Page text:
Designing Offices for a Flexible Workforce
Flexible working is one of the mega trends of the 21st century, but what exactly is meant by a flexible workforce and what impact does it have on designing office interiors? When you see a near-empty office, the burden of the rent looms large but before you make drastic changes consider the options.
What is flexible working?
The CIPD released a report entitled Megatrends: A Report on Flexible Working in January 2019, which explores the broad range of working practices which fall under the umbrella of ‘flexible’. These include part-time work, job shares, working from home, zero-hours contracts, flexitime and pretty much every other pattern that doesn’t fit into the normal Monday to Friday 9-5. Employees are now legally entitled to request flexible working and employers must do their best to accommodate. For the majority of office workers working from home should be an option and more and more people are opting to do this on a regular basis but what are the implications for managers in terms of space? Can companies afford to have empty desk space and what options suit everyone?
Hot desking – the advantages and disadvantages
Hot desking was all the rage when it entered the mainstream about 10 years ago but its popularity is beginning to dwindle. Hot desking is when employees don’t have a permanent desk and essentially have to work wherever there is free space. The development of cloud-based software meant that people could log onto their own ‘desktop’ whatever machine they used. Sophisticated telecoms meant that your telephone number could be rerouted to wherever you happened to be. Perfect! No more empty desks, offices could reduce in size and everyone was happy…. except, of course, there were problems.
For companies with shift workers, call centres, for example, it totally makes sense – only half the workforce will be on-site at any one time. However, for most offices, there’s an element of risk and managers have made assumptions. If they predict a maximum of 75% will be working on-site at any given time (flexible working, holiday, sick leave etc), they can reduce the desk space by 25%. But what about the times that an unprecedented percentage work from the office? Also, it often creates unnecessary competition for the optimum seats. There’ll always be the person who gets in early to secure the best view and the person fed up of always being by the loos because they start work later.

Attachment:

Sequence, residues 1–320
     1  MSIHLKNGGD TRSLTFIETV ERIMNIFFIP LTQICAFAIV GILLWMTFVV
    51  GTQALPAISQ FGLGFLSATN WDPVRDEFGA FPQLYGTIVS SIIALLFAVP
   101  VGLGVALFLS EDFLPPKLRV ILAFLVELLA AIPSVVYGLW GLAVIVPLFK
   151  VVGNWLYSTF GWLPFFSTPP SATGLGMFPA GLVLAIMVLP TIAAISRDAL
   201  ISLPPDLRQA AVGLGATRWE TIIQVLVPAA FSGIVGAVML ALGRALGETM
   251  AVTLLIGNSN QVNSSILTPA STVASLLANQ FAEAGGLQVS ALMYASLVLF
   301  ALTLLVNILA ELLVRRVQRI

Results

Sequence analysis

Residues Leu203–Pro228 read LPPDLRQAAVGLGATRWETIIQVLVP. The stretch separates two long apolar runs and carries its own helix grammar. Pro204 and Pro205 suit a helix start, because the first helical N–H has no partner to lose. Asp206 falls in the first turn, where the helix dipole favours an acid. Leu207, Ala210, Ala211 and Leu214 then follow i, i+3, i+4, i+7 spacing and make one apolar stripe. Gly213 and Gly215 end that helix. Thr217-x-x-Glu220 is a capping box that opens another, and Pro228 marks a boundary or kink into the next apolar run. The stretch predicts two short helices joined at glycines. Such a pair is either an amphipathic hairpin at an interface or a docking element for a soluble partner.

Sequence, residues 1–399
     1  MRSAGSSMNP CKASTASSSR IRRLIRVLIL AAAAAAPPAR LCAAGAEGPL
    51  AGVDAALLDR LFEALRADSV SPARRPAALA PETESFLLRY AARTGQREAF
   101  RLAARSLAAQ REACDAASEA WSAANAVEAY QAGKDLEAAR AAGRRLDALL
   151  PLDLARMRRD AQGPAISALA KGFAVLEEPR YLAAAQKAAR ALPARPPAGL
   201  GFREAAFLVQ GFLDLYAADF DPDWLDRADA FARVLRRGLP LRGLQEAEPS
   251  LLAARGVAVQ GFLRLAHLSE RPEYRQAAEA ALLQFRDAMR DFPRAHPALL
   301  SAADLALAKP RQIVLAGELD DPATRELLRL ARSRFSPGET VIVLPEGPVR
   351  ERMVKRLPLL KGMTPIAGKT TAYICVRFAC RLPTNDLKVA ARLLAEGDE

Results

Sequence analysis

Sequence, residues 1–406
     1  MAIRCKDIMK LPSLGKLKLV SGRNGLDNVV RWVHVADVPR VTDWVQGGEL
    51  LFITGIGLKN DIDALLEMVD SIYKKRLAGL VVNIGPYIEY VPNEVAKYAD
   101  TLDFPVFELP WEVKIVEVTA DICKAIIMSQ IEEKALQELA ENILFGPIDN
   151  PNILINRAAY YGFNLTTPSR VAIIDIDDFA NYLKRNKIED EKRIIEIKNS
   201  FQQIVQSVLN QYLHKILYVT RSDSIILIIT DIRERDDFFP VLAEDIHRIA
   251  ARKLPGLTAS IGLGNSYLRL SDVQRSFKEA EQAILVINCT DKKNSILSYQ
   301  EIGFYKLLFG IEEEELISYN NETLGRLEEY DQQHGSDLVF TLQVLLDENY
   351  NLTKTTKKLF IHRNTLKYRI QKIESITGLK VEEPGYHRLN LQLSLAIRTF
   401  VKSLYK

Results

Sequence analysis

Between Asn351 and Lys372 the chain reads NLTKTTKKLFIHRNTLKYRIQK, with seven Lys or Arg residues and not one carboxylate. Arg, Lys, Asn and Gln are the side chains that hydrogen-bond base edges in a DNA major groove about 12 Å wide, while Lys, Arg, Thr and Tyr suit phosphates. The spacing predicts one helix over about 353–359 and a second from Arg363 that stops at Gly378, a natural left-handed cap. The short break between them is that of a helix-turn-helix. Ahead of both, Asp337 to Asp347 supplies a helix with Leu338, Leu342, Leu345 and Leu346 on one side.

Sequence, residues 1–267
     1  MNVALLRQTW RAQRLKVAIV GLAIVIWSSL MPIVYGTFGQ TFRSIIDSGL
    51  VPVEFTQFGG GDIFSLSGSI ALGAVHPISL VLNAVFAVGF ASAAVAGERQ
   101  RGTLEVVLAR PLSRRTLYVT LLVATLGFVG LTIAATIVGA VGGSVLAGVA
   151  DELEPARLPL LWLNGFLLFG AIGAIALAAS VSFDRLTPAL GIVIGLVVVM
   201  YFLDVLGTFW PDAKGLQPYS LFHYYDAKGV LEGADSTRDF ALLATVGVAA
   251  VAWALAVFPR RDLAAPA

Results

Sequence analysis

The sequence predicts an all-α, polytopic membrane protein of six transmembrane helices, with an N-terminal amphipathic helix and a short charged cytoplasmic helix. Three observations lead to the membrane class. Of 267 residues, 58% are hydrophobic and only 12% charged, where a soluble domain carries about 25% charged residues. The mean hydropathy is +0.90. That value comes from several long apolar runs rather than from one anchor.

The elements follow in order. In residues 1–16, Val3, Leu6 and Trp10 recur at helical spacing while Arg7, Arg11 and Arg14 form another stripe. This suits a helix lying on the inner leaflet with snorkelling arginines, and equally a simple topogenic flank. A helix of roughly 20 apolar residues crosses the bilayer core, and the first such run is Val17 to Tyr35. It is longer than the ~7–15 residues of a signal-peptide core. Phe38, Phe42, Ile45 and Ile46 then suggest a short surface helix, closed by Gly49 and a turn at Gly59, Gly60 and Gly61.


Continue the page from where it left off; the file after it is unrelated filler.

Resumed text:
Smart solutions for a flexible workforce
Trying to keep everyone happy with your eye on the bottom line is nigh-on impossible but there are some nifty ways of accommodating a flexible workforce without too much financial burden. Firstly talk to your team. Explain that you need to make some changes but ask for advice. Close-knit teams may be very happy to share their space and agree amongst themselves on how to manage their work area. Consider the needs of the different roles within the business. A member of the sales team may spend most of their time on the phone and have less need for a dedicated desktop computer. They may be very happy to work from a laptop on a shared table. In contrast, a graphic designer may require two screens and their computer set up in a very particular way and therefore be very sceptical towards a hot-desking arrangement.
Interior Design Solutions
So how can interior design accommodate new ways of working? Every company is different and we plan spaces around the specific working practices of that individual office. When we start asking the questions, solutions often appear and they tend to include the following….
Flexible spaces for a flexible workforce
Offices of old would create dedicated spaces for dedicated purposes, the meeting room being the most obvious example. It’s a bit of a luxury nowadays to have a room not in constant use. Think about how often this space is used and could it be used by flexible workers some of the week and meetings limited to certain times? Does the room have enough plug sockets, can the furniture be moved to a new configuration? Some workers, reps for example spend most of their time on the road but need to come to the office to complete admin tasks. What about dedicating some of a break-out area to people working on their laptops? You can learn some lessons from developments in co-working spaces about making your space work for diverse roles.
Make sure all the seating and tables are suitable for work. If you are repurposing the meeting room to be a flexible desk space ensure the chairs are comfortable enough for an eight-hour day. Instead of one large table to be shared think about a conference-style desk (usually a horseshoe shape) which might be more practical for accessing floor plugs. Unit furniture makes reconfiguring your space simple and you can change the set-up to suit the situation. Always keep in mind the comfort of employees. You have as much duty of care to the full-time workers as you do for those who come in once a week, or indeed once a month. Substandard furniture isn’t a solution.
Providing a flexible workforce with lockers is really recommended. Encouraging staff to clear their desks when going on annual leave or when they are working remotely for a period is a good way of introducing an element of hot desking. With a workforce over 30, it’s likely at least one person will be on annual leave in any given week. If you hire freelancers you can offer them space without needing to offer a dedicated space. For part-time workers knowing that they can securely store their belongings on site whilst they’re not in the office is really reassuring and avoids the office being littered with smelly gym kits! Flexible spaces need to be tidy and if you’re not providing suitable storage it’s difficult to expect your staff to keep it minimal.